Sarner explains if an advertiser has to reach a certain demographic, but a certain media company only has two stations that hit that demo, in a perfect world, the seller from that company would have sellers from the other stations in town that have that same audience and they could work together to do what is best for that particular client.

On the other hand, if a radio seller forces that client to buy their whole portfolio, some of the stations won’t work, therefore the campaign won’t work, and the client is going to make the decision that all of radio doesn’t work. So, Sarner started the agency so he could buy the right stations for his clients.

Something else Sarner is a big believer in is clients have to give campaigns time. “I say all the time, ‘Marketing campaigns are measured in years not weeks or months,’” he said. “And the more stations you’re on, the faster the campaign works. When you pigeonhole yourself to one two or three stations, it’s going to take a lot longer to become a part of somebody’s brain.” Sarner says he won’t put a client on the air unless they are committed to an annual.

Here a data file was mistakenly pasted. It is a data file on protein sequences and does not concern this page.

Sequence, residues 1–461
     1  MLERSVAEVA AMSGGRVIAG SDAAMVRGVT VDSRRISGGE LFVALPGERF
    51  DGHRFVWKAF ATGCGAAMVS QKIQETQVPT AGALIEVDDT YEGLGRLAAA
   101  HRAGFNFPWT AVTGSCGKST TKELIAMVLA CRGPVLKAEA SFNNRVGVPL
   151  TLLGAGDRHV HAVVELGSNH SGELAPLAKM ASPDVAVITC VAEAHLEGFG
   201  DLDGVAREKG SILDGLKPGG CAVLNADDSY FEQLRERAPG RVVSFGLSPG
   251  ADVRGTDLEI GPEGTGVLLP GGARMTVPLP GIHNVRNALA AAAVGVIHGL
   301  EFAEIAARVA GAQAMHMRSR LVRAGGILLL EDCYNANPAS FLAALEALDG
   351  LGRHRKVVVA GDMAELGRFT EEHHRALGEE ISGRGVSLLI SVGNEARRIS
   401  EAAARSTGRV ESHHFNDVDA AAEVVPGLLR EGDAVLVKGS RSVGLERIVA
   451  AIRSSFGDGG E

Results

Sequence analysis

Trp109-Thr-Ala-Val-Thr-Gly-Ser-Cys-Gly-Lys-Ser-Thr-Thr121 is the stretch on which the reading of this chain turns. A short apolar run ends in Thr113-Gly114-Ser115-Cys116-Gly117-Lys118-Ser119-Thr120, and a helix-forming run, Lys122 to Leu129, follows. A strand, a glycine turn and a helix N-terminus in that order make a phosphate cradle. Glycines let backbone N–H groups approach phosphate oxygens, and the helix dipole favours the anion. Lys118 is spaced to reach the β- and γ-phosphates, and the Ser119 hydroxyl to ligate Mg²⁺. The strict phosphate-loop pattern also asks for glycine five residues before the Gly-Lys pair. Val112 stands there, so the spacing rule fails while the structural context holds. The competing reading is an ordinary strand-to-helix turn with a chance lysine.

Sarner loves radio, but believes most stations are programming for Nielsen and not for their audience. If it were up to him, stations would have more, shorter stop sets, which you typically only find in sports and news talk. He also has a big problem with the way stations stream their product and air commercials online.

“You have everybody out there trying to sell digital products at radio stations, but they don’t know how,” he said. “I know how to reach a hundred percent of the audience on the radio. You cannot do that on a stream.”

Sarner started working with a law firm in South Florida in 2013 and built such a great relationship with the client that, with his employer’s blessing, he became their media buying person. When he was notified the company no longer wanted him to work with that client, the next day the idea for the agency happened and went from an employee at the radio station to soon being the buyer for their top client.